Europe has struggled to attract LNG imports despite record prices and a narrowing of the Europe-Asia benchmark spread. NBP Prices have more than doubled since May, to record highs, as a perfect storm of factors have coincided to limit gas supply in Europe. An unusually cold and protracted winter saw above average gas demand across many European countries. This depleted gas storage to the lowest levels coming out of winter in several years, which has not been sufficiently replenished during the summer months. The procurement of adequate natural gas supply to restore storage levels has also met difficulties. Russia, which also experienced a cold winter, has been reluctant to boost exports to Europe through Ukraine, instead preferring to wait until Nord Stream 2 is complete. This has been compounded by underperforming renewables and high carbon and coal prices pushing up power prices and increasing the need for gas generation, although this has been slightly relieved by higher wind output in recent weeks.
Exacerbating the lack of gas imports to the region are tight LNG market conditions due to high demand in Asia, which saw many cargoes diverted east rather than to Europe. This is in stark contrast to the last few years, where consecutive mild winters in 2018 and 2019 led to high storage levels which impeded Europe's ability to act as a global gas sink during the summer months. In our previous report, we noted the precarious storage situation as an upside risk to LNG imports for 2021, however, this did not materialise due to the strength of competition for cargoes from Asia. Therefore, Europe is heading into winter with the lowest levels of storage since modern records began in 2011 and yet with prices still trading at a discount to the Asia LNG benchmark. This presents mixed risks for LNG imports into Europe over the winter season. Spot LNG cargoes could rise to alleviate any shortfall in output from gas storage. However, with Asia maintaining a price premium for the foreseeable future, we expect the majority of cargoes to continue to head east.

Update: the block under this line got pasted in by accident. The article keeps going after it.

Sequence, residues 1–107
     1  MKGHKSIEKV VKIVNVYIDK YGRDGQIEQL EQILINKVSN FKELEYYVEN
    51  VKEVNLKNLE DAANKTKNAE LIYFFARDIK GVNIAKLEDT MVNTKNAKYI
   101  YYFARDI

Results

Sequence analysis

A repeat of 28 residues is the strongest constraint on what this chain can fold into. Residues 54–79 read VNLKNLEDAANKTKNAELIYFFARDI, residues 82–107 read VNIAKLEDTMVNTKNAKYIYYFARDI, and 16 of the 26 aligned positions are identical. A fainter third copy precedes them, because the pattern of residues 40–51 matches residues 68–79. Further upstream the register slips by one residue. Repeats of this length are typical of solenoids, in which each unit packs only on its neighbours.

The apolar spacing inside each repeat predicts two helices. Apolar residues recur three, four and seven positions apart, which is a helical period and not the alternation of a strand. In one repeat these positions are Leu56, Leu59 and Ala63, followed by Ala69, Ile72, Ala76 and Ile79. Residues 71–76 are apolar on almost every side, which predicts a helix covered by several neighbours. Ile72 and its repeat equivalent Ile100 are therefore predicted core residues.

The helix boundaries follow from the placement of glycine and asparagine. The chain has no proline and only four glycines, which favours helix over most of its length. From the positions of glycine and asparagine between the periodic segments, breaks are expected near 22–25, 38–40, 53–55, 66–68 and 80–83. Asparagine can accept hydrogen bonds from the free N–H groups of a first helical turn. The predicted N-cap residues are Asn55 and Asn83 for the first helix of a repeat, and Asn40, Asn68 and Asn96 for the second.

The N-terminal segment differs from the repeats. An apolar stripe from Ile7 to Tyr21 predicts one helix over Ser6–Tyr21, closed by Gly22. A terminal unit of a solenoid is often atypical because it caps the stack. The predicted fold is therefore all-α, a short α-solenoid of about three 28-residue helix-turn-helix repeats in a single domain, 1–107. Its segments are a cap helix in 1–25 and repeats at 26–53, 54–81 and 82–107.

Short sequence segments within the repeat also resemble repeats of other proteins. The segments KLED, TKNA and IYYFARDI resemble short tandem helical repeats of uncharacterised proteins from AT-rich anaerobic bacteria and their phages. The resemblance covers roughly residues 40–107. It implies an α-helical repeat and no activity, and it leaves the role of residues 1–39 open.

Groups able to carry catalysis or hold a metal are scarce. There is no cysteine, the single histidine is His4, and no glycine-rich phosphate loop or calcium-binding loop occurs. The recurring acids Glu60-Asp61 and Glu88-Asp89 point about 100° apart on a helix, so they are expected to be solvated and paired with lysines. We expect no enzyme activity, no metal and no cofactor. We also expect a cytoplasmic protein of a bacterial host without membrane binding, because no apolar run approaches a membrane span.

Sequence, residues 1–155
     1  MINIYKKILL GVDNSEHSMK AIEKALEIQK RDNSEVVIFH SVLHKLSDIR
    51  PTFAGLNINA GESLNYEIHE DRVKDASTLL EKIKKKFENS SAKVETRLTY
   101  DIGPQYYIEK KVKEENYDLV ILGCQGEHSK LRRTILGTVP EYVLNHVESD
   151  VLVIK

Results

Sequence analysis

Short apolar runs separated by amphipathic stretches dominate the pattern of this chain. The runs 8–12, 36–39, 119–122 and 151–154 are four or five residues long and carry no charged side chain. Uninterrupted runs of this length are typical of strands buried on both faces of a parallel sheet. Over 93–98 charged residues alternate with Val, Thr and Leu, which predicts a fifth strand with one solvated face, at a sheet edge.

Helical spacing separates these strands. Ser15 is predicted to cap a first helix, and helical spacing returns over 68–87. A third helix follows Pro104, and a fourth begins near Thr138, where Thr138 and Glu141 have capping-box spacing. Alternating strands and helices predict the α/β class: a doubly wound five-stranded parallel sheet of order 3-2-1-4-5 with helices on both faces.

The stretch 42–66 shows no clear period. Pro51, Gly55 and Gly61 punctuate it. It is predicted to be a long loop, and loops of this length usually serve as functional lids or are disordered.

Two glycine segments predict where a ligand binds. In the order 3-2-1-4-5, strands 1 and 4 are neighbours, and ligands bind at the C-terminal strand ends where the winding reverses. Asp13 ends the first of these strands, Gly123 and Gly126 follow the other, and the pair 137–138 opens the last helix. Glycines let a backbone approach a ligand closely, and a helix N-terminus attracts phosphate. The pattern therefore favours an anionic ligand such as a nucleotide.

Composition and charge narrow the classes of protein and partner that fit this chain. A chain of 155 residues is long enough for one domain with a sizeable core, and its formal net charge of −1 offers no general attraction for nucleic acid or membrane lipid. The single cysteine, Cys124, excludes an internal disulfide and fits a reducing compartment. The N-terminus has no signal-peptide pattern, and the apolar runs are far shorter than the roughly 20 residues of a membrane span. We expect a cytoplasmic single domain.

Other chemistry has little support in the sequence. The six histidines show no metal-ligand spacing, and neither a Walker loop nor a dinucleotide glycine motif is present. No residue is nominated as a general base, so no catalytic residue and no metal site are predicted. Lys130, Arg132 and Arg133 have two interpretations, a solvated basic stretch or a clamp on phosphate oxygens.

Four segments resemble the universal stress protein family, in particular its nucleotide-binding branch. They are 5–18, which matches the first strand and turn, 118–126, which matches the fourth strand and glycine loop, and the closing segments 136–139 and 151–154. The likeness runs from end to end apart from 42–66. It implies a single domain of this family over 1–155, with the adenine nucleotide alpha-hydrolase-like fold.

Europe has been broadly successful in suppressing the worst effects of the Covid-19 pandemic via successful vaccine rollouts. Therefore, we forecast Europe's gas consumption to grow by 2.8% in 2021, comfortably higher than the 3.4% decline estimated for 2020. Demand is meeting headwinds due to the record high gas prices across Europe, leading to factories lowering output or even closing entirely. This, compounded by broader supply chain and labour market disruptions and ongoing inflationary pressures, will continue to be the greatest downside risk to our forecast, until high prices and supply chain pressures abate, which we expect in mid-2022.